Once known as “tobacco tengoku” or “smokers’ heaven”, Japan is now in a battle to make Tokyo 2020 a “smoke-free” Olympics. Lined up on one side are the World Health Organisation, the International Olympic Committee, Tokyo governor Yuriko Koike, the Japanese health ministry and anti-smoking groups. On the other side sit many senior politicians of Prime Minister Shinzo Abe’s Liberal Democratic Party, Japan Tobacco (JT) – a former state-owned monopoly and now the third-biggest tobacco company in the world – and the Ministry of Finance, through which the government still owns 30 per cent of JT.
Pro-tobacco elements in the Liberal Democratic Party recently succeeded in blocking the introduction of legislation that would have banned smoking in bars and restaurants larger than 30 square metres. However, Koike has made a ban part of her manifesto for next month’s metropolitan assembly elections, citing the dangers of second-hand smoke.
A study by the health ministry estimated that second-hand smoke leads to 323.3 billion yen (HK$23 billion) in health care costs annually. But the numbers also stack up huge on the smoky side. JT’s market capitalisation is more than 8 trillion yen and although revenue is being squeezed by falling smoking rates and alternative tobacco products, it is forecasting full-year profits of 400 billion yen. Add to the government’s share of the profits the massive tax revenue it receives from all cigarettes sold in Japan, and its reluctance to truly clamp down on smoking is hardly a mystery.
According to Dr Manabu Sakuta, a neurologist and long-time head of the Japan Society for Tobacco Control, the money flow doesn’t end there.
“Of course the fact that the government owns 30 per cent of JT stops politicians being critical of the company. That’s a big factor, but it is not only the direct revenue from JT. Former staff from various ministries, not only the Ministry of Finance, benefit from amakudari,” said Sakuta, referring to the practice of former civil servants getting cushy, well-paid jobs at companies and other organisations in fields related to their ministries. Successive governments have promised to end the practice, with limited success.
“And it’s not just to Japan Tobacco, but amakudari to other tobacco-related companies ... there’s big money involved,” added Sakuta.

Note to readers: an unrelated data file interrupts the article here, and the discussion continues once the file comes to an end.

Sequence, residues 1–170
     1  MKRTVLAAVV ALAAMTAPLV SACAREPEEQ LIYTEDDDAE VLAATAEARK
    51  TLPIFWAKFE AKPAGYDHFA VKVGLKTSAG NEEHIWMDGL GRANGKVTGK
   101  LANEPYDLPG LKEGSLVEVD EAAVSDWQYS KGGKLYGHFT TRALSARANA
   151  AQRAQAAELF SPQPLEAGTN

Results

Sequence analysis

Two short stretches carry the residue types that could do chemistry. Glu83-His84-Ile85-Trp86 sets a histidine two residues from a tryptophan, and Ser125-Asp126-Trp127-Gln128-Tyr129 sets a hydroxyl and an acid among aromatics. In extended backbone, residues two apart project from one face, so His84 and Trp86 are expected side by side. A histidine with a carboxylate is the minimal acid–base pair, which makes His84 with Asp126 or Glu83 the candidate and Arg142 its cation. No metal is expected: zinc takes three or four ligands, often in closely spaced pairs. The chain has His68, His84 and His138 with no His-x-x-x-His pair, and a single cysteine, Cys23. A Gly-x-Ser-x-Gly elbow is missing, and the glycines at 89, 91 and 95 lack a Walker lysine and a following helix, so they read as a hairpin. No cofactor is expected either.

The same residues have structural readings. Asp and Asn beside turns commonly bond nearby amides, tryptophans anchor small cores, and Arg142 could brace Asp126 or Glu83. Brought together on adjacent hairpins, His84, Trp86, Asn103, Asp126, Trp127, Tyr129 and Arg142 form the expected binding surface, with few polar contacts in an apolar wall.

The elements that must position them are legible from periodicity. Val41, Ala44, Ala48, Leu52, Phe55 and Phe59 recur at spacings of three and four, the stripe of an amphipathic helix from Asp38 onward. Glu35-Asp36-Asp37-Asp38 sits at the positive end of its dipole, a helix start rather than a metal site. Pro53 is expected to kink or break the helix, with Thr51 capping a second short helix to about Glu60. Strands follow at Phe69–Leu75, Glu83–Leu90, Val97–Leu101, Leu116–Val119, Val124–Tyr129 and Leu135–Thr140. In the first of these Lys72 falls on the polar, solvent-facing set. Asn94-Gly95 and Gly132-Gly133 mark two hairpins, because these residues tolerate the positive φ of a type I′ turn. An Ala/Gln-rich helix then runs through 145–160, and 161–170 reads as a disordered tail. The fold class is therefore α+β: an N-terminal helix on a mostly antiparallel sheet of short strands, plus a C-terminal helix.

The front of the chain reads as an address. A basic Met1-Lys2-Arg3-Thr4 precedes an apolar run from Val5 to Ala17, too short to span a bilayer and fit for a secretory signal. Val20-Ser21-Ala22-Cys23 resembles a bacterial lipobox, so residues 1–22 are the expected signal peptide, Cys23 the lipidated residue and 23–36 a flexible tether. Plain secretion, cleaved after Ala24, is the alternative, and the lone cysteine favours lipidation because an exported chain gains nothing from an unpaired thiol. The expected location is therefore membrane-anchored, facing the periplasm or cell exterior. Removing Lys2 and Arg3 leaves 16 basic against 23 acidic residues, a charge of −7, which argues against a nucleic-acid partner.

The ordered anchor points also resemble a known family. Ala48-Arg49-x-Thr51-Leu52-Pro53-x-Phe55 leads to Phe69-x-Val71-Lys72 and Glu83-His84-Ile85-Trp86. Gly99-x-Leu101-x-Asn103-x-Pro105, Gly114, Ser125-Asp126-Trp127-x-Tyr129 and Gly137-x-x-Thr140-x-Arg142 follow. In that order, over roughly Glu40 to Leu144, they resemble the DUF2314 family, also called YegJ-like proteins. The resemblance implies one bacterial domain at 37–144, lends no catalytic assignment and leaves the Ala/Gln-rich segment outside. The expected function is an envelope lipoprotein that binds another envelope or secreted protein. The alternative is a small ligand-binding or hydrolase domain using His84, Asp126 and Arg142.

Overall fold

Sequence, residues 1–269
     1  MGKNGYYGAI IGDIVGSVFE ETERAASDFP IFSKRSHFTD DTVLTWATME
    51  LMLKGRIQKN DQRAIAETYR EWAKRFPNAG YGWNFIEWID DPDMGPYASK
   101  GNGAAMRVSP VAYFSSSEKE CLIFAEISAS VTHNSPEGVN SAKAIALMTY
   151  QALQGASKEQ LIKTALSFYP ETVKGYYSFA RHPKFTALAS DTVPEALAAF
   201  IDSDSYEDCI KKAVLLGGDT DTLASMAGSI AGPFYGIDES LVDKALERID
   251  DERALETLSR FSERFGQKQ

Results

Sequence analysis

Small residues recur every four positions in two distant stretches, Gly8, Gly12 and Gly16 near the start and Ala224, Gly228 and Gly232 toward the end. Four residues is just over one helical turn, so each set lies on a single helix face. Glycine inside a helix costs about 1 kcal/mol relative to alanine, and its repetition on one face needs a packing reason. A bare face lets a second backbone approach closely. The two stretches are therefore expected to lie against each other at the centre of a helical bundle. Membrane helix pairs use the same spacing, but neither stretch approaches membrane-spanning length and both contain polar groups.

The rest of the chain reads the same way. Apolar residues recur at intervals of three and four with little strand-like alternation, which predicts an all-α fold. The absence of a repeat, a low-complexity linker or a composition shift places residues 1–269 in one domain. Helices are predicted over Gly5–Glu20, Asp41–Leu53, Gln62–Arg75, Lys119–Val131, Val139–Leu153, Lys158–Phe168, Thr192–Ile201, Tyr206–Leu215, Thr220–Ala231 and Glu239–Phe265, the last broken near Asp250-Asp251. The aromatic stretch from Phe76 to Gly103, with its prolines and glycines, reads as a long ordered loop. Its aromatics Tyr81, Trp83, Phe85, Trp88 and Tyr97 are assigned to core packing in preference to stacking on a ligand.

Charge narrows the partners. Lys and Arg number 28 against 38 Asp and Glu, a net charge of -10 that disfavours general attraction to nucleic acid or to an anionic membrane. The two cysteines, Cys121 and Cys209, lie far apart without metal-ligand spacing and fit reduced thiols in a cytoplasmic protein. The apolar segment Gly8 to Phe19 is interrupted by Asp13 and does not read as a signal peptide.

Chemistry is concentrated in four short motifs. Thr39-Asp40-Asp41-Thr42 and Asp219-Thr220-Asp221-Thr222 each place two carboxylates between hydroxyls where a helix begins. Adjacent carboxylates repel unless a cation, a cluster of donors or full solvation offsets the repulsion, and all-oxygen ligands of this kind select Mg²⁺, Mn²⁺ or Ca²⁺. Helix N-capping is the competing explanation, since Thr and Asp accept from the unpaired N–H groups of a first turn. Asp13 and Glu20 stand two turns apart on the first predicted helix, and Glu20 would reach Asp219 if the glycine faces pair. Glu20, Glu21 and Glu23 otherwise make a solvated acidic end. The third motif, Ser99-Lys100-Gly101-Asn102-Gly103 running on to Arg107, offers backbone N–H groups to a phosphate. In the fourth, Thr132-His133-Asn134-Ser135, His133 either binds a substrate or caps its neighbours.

Unsurprisingly, Sakuta favours a ban on smoking in all public buildings “with no exceptions”. However, opponents of such a move point out that smoking is already forbidden on the streets of Tokyo and some other cities, meaning regulations on puffing inside as well would be close to a de facto ban on lighting up.
“We don’t think the regulations in Japan are loose because the rules on smoking outside are already strict; that’s different to other developed countries,” said Masahito Shirasu, a spokesperson for JT. “In Japan, where the population density is so high, it can be difficult to find a place to smoke.”
“We agree with measures to prevent damage from unintended smoke, but want them to be reasonable and left up to business owners. And we provide consultants and support for separate smoking areas in bars, restaurants and cafes,” said Shirasu.
Interestingly, Japan has become a test market for the new generation of so-called heat-not-burn tobacco products. This is partly because regular e-cigarettes are classified as medical products under Japanese law, meaning they must undergo a demanding approval process.
The market leader is the iQOS, a pen-shaped device that uses a HeatStick, a kind of half-cigarette that houses the tobacco. The stick is heated, but not enough to burn, creating a vapour that manufacturers say is far less harmful than regular cigarette smoke. The company was unable to keep up with the massive demand for the iQOS device after it launched last year, and it has now captured nearly 10 per cent of the Japanese cigarette market. JT’s own entry into the category, Ploom TECH, has been beset by manufacturing problems. It is expected to be released in Tokyo this month, following a test run in Fukuoka, with a nationwide roll-out to come.
Whether the new generation of products can provide a compromise remains to be seen, but JT’s Shirasu said: “We expect more pressure against smokers leading up to the Olympics. But we want to let people know that we have our own ideas in Japan, which are different to the West and the World Health Organisation. Non-smokers and smokers can be separated and people can choose their own preference.”
A salaryman lighting up in a smoking area during his lunch break in Tokyo’s Shinjuku district worried that the 30 per cent of Japanese men who still smoked were in danger of becoming social outcasts.
“You can’t smoke on the street. We’re banned from smoking at the office now and my wife won’t let me smoke in our apartment anymore,” said Jun.
“If they ban smoking in bars as well, they may as well just make it illegal.” ■